The NIDNTTE (Zondervan, 2014) is a thorough revision of the original NIDNTT. Moises Silva is the revision editor, and the finished product is a must have for serious students and pastors who work in Greek on a regular basis. The updated set consists of five volumes (four dictionary volumes and an index volume.
There is an extensive introduction written by Silva that gives an update and overview of all revisions and corrections that were made in the new edition. This is helpful for those who have used the NIDNTT and want to know how the NIDNTTE differs. Because the original was written while Rudolph Bultmann was a primary figure in New Testament scholarship, and many of the articles interacted with his writings. Some of those discussions have been shortened in the new version. A major structural change is that the NIDNTTE goes to an alphabetical listing for Greek words, moving away from the “concept” listings in the original. This shores us a major weakness in the original while still including a pretty comprehensive list of concepts in the beginning of each volume. The editors also stated that they sought to be more consistent in the presentation of statistical data (12). A list of other revisions can be seen in the introduction to the work.
The rest of this review will address those with no familiarity with the NIDNTT. The NIDNTTE opens with a List of Concepts. What this does is takes a comprehensive set of concepts from the New Testament and lists every Greek word that might fall under that concept. The list is over 60 pages long and is extraordinarily helpful for understanding how different words contribute to a certain concept. For example, the concept “abolish, nullify” has seven Greek words tied into it. It lists the reference number and basic definition (semantic range) for each word.
The bulk of the material then deals with individual Greek terms, listed in alphabetical order. One of the things I love about this set is that while it is designed for the student of Greek, it is organized in a way that the serious student or pastor who does not have a background in Greek but who is serious about studying individual words and concepts can still get some use out of. I will look at an example of this later. For each listing, the authors give the word itself, pronunciation, and basic translation. The listing then gives the concept that the word is tied to. The listing itself is then divided into three basic sections. First, the authors examine how the word is used in General Greek Literature (GL). This is helpful because it shows the reader how the word might have been used and understood in the culture of the New Testament world in general. The second section deals with the use of the word in Jewish Literature (JL). This gives good insight into how the word is used in the LXX and in extra biblical Jewish writings. The third section deals with the New Testament itself (NT). I have found this area to be the most helpful. This section gives an overview of the various ways the term is used in the New Testament with specific references for each. It also helps the student or pastor to understand the semantic range of the word and the various ways it is used by the different biblical authors (for example, Paul’s use of a specific term can be different from how Peter uses it). Each listing closes with a bibliography listing other sources that can be consulted for further study.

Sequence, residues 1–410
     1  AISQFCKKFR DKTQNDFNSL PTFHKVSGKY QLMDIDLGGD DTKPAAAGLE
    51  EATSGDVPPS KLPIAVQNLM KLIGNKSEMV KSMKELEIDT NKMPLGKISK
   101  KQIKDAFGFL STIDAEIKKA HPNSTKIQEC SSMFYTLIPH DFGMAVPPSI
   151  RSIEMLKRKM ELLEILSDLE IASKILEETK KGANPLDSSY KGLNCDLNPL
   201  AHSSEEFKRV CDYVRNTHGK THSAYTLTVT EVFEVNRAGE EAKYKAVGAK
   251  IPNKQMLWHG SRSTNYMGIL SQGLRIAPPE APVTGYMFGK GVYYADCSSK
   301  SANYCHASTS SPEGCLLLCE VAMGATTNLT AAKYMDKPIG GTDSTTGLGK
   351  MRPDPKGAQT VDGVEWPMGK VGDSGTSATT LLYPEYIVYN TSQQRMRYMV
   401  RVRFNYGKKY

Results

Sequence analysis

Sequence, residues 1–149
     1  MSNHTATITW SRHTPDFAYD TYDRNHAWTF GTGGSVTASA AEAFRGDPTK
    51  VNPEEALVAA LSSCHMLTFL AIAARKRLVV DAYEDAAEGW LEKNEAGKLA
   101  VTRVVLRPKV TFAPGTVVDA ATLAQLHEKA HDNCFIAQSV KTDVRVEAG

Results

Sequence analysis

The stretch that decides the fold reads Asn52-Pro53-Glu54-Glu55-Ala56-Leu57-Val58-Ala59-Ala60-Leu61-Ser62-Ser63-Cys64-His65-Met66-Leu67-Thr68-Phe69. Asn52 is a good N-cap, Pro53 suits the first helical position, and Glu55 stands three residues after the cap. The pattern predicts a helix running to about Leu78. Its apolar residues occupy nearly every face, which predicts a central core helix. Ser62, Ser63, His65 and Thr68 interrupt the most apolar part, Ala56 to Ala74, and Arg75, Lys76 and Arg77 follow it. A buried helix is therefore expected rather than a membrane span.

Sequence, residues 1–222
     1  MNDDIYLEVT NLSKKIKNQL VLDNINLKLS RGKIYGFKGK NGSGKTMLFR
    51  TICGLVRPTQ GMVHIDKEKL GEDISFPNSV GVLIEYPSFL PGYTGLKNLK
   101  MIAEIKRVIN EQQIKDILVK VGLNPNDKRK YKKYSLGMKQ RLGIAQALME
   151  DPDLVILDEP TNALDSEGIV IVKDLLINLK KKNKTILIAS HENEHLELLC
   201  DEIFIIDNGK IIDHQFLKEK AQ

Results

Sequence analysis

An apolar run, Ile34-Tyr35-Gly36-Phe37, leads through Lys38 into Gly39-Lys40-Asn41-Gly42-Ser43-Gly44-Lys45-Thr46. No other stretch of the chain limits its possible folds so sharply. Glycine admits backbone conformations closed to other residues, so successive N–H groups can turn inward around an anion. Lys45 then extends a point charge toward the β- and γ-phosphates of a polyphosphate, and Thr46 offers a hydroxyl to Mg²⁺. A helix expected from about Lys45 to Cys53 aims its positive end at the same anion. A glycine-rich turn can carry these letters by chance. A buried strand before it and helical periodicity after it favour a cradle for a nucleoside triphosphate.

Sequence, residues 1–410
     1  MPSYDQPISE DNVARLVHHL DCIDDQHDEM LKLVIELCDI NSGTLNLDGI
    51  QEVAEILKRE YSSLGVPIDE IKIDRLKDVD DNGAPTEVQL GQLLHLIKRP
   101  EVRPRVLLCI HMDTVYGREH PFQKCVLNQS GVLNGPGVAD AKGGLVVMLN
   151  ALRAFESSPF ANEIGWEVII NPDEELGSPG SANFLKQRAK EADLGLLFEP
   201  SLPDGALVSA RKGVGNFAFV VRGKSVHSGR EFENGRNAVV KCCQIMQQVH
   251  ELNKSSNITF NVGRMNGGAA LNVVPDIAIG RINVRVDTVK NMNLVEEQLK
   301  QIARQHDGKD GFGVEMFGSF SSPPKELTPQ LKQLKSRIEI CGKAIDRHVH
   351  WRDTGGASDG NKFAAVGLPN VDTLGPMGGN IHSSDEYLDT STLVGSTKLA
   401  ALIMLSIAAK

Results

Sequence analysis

So, how does using the NIDNTTE work in real life? I want to study the biblical concept of forgiveness. I look up the term in the concept section. It is on page 43 and has four Greek words associated with it. Just from glancing at the terms, I can get a basic idea of how the concept is fleshed out in the New Testament. The four words cover the ideas of “setting free, letting go, pardoning, canceling, leaving, covering up, give graciously.” What makes each word different, and how do I know how a word is used in a particular context? For this we go to the individual articles on each word. The second word on the list, aphiemi, is listed on page 444. An expanded definition is given, followed by a short section dealing with its use in Greek literature. The JL section has four different uses and a wealth of information because the term is used frequently in the LXX. The word is used in the New Testament over 140 times, and the article gives three basic uses, breaking down the nuances of each. I came away from this study with a much fuller understanding of the concepts behind this word.
A word needs to be said about the index volume in the series. Indexes can get largely overlooked. Don’t do it with this set. The index volume can be used in multiple ways to help with study. Scripture indexes are given for both the Old Testament and New. This is great for looking for references to specific passages. Also included are indexes for all Apocrypha, Greek, Jewish, and Post- New Testament Christian Literature indexes. These are followed by a Hebrew and Aramaic Word index, Greek word index, and a conversion chart for converting Strong’s numbers to Goodrick-Kohlenberger.
If you are a student of the New Testament and have any facility in working with the Greek, this set is worth buying. The information is strong, the scholarship is careful, and the depth is incredible. I have greatly enjoyed using it in sermon prep and am happy to recommend it to anyone else looking for a good study resource.